Jane Helfen had been at Agilent 26 years when she found herself on the hunt. “Getting laid off was the kick in the pants that I needed,” she said from her new desk.
If Jane Helfen had not been laid off last May, she says she’d still be in her former position at Agilent, waiting another year before she turned 55 and qualified for retirement benefits.
It didn’t work out that way. And Helfen said she’s happy about the change of plans.
“Getting laid off was the kick in the pants that I needed,” she said from her desk at her new position as senior director of human resources at Juniper Networks in Sunnyvale, Calif.
Helfen had always expected her next move would be her decision to make. She had worked first at Hewlett-Packard, then for 26 years at Agilent, an HP spinoff. Helfen had been feeling restless for the past three years, and she even began to look for a new job in 2006.
“I spoke to people at other companies, but there were good financial reasons to stay a few more years. And I was doing wonderful work, so I recommitted to staying,” she said. “Then, the economy tanked, and it was clear that the company would make changes with business HR functions. Still, it was a surprise when I was one of the people laid off. I didn’t expect it.”
She quickly recovered and “started networking like a fiend,” she said.
“I hadn’t had to look for a job in 26 years, so I needed to get up to speed.”
Helfen began attending networking events.
“It wasn’t so much for the job leads but to keep me positive,” she said. “I had to keep [myself] pumped up about my value, what I could contribute.”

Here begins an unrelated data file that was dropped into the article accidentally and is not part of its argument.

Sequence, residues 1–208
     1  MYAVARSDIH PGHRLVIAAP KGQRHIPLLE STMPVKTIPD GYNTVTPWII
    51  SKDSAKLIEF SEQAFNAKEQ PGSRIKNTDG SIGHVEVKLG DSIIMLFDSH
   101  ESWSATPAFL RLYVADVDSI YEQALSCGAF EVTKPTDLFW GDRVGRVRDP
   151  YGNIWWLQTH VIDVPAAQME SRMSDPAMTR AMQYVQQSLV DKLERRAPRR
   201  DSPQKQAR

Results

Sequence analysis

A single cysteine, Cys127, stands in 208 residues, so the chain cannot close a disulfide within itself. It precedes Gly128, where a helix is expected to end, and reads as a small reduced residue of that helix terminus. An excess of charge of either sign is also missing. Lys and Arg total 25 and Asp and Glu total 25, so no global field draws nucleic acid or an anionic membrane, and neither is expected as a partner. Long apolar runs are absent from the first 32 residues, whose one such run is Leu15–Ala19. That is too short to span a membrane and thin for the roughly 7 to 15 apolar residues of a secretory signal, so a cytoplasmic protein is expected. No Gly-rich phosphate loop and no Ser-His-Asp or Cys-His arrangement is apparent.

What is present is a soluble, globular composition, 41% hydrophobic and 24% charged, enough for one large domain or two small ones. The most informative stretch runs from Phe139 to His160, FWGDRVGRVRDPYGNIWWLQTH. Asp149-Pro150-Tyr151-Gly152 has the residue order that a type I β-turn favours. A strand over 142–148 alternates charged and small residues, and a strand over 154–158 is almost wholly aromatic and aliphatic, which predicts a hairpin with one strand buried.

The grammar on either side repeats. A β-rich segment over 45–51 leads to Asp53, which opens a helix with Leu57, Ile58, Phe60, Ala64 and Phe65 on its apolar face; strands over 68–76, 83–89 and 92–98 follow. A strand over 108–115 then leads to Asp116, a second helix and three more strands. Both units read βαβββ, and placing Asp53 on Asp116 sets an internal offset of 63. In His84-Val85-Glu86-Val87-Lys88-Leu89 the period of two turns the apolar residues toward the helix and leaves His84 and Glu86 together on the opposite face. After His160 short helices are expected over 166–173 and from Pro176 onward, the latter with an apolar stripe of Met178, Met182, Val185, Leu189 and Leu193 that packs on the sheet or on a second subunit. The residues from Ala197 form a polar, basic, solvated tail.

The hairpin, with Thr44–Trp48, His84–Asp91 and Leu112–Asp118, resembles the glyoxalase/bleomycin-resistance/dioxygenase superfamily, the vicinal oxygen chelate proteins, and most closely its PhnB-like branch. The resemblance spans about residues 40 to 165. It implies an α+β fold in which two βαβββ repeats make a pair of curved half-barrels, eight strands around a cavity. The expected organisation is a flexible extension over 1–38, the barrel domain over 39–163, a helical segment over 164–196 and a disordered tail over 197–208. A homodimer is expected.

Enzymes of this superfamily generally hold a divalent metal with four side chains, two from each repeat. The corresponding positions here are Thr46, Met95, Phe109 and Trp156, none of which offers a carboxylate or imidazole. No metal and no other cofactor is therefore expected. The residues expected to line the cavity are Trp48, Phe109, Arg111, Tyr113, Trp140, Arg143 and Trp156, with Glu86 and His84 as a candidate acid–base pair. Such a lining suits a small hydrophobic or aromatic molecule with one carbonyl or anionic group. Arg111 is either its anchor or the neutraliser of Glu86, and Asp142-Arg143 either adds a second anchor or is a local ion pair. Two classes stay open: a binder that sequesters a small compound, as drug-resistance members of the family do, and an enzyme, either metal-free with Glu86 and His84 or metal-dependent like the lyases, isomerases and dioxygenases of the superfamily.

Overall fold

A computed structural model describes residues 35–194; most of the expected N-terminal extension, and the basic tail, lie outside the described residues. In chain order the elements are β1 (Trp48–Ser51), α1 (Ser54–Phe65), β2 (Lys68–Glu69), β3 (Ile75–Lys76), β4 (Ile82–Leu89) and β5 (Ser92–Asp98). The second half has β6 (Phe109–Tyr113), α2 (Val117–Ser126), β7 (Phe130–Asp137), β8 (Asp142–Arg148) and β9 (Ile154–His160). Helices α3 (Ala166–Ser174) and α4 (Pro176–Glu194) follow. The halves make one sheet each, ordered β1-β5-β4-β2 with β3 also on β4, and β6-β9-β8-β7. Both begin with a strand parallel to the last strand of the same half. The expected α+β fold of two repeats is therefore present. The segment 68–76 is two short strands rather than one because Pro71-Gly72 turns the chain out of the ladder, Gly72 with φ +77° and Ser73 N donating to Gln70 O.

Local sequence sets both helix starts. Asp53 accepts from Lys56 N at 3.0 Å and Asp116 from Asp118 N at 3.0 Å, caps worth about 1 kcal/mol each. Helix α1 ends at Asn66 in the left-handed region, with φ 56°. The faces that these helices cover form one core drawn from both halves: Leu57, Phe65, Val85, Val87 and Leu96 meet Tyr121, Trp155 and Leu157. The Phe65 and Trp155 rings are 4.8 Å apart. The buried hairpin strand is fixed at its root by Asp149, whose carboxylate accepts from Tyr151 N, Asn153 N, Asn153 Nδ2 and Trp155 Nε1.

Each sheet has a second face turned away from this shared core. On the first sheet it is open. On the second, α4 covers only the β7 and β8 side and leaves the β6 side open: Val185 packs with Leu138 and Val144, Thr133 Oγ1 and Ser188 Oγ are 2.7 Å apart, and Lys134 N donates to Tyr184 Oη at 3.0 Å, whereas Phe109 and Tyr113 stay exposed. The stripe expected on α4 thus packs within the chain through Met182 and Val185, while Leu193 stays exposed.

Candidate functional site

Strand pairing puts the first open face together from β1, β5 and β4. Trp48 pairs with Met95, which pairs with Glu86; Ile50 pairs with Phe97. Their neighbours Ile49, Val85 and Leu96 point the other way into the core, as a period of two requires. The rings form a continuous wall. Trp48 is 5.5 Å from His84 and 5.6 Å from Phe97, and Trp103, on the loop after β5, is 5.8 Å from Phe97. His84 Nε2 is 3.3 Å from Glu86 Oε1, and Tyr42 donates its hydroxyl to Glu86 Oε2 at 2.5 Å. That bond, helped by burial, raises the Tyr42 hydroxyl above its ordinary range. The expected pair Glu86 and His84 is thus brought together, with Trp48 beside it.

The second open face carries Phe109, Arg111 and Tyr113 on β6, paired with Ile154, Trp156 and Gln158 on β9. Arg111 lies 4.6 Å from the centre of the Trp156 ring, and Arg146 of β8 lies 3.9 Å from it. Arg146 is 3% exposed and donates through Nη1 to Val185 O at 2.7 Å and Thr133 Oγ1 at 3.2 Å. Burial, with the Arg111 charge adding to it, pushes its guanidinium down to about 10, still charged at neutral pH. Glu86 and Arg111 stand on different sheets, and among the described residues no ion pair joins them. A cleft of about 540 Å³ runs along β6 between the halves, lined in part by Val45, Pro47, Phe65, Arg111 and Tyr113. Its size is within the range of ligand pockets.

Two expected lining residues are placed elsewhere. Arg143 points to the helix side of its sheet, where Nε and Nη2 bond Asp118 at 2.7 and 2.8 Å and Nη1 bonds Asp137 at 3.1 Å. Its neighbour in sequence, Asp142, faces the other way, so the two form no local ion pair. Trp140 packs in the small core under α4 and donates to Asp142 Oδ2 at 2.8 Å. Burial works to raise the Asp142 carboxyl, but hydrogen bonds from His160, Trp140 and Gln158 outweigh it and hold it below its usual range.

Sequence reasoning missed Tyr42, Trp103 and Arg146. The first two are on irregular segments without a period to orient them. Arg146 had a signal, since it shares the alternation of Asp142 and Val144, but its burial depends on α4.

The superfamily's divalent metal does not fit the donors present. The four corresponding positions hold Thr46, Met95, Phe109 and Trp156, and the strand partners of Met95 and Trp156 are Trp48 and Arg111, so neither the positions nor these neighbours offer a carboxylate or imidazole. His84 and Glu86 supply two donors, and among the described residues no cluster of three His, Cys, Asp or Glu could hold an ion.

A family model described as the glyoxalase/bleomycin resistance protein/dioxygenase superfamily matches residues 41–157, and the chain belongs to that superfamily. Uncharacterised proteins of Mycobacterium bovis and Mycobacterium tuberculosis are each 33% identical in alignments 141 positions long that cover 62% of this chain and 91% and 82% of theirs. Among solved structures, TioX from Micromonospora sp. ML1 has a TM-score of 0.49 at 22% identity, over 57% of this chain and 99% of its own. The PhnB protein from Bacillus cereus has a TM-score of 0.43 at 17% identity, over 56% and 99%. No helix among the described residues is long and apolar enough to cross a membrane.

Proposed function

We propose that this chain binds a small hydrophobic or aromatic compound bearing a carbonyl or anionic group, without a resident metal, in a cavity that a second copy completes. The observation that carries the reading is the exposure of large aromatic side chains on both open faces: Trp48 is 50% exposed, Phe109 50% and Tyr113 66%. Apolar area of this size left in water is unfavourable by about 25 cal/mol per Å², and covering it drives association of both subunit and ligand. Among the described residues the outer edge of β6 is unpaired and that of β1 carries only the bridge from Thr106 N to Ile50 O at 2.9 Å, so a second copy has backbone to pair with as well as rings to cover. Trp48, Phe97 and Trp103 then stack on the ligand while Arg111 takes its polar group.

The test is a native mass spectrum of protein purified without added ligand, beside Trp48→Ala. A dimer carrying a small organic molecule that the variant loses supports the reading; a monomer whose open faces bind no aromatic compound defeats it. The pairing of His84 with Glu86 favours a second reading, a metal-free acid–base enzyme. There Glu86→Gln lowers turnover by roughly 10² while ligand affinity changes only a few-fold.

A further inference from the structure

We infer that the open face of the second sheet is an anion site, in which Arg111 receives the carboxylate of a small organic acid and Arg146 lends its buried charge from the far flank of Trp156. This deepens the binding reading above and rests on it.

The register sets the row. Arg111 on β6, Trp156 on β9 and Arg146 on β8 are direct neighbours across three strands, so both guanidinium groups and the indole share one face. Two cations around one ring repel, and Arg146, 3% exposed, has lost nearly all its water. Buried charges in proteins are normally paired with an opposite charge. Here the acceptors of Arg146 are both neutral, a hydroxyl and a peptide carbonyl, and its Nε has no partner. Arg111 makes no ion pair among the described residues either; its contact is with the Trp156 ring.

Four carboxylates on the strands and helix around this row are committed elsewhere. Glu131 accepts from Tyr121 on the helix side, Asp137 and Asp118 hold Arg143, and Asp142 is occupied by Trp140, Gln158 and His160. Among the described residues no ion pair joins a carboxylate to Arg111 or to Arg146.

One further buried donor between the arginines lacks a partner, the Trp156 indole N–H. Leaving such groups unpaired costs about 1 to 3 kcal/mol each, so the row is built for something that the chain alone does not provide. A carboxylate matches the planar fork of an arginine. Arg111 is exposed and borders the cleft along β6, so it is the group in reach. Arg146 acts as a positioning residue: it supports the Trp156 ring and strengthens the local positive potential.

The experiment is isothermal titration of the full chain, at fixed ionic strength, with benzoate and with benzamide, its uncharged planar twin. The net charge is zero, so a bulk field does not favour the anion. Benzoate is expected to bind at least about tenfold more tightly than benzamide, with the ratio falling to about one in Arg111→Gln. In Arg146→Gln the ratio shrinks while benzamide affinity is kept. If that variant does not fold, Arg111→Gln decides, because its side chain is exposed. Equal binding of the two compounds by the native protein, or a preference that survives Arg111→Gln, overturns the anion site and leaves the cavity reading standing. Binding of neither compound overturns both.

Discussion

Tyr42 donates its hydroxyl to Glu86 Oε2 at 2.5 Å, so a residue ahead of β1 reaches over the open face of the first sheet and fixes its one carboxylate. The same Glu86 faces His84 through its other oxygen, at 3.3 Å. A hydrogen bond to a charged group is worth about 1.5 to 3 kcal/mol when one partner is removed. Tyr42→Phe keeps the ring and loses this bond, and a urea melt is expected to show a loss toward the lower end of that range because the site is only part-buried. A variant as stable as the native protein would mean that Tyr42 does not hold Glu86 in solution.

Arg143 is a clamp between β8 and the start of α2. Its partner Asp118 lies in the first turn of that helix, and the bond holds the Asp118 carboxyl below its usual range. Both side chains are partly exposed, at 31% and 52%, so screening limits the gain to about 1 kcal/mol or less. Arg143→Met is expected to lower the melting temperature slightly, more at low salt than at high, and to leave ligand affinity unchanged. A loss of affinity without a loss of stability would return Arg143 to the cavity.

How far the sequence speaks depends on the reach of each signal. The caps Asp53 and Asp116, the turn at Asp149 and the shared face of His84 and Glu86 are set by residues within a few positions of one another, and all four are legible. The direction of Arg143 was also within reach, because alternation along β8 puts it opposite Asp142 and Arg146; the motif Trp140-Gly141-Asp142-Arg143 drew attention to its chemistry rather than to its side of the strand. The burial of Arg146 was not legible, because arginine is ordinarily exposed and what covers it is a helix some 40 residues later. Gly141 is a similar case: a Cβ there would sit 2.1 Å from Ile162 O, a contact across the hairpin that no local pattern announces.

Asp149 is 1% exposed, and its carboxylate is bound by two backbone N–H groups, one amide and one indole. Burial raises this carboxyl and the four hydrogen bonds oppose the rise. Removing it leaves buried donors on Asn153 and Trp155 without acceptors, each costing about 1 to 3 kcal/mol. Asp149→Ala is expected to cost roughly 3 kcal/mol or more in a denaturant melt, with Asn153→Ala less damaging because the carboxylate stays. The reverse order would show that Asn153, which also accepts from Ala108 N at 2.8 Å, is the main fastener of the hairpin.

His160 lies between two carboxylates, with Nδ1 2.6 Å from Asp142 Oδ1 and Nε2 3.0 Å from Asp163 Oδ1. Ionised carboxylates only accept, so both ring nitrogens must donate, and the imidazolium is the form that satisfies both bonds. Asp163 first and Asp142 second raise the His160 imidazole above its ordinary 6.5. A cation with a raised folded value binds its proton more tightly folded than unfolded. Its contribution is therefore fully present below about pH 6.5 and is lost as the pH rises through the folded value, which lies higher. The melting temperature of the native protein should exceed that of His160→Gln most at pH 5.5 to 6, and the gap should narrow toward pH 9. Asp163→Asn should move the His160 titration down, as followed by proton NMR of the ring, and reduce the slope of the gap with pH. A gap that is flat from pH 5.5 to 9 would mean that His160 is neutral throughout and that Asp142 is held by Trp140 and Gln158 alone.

She also formed a close partnership with her sister-in-law, a marketer who had also been laid off.
“We would go to networking events together; we would talk regularly and pick each other up. I think it’s important to have a couple of people to whom you can say, ‘It’s not a good day,’ and just get cleared up and get to it again. She helped me stay positive.”
She used her network to take interviews at several companies that proved unsuccessful, but the experience allowed her to practice her interviewing skills and explore the types of companies she might like to work for.
“They let me try it on.”
Eventually, Helfen’s efforts led her to lunch one day with a friend who worked at Juniper Networks. Helfen was considering starting her own business as a consultant, but the friend talked her out of it. Helfen realized she wanted more experience inside a major technology vendor before she went out on her own.
“Juniper was one of my target companies, and she knew that.”
Juniper had no openings at the time, but Helfen maintained contact with the friend, and by December a position opened up. “It went pretty quickly from there.”
Helfen credits her network for getting her the opportunity at Juniper and has no plans to stop networking just because she is employed.
“Companies are more interested in me [now that I am employed],” she said. “I realize now, there are companies that will not look at people who are not employed. While I understand it logically, I just think it is so sad. There are some terrific people that are not employed.”
With that in mind, she’s made networking a daily priority.
“I go home from work now, and I might be tired, but I will make contacts with one or two people a night. I am never going to stop now. I have reconnected with people I haven’t spoken to in 10 years; who knows when they will be able to help you?”
There’s a lesson she wouldn’t have learned had she not been laid off in May.
More from Ladders
- Survey: 51% of younger Millennials feel the most stressed about relationships
- 4 tips for following up with a professional contact after what feels like forever
- A surprising number of Americans would give up their phone for coffee
- Survey: 39% of IT hiring managers say the hardest thing to gauge is one’s ‘technical skills’
- This is the resume lie that disgraced a political candidate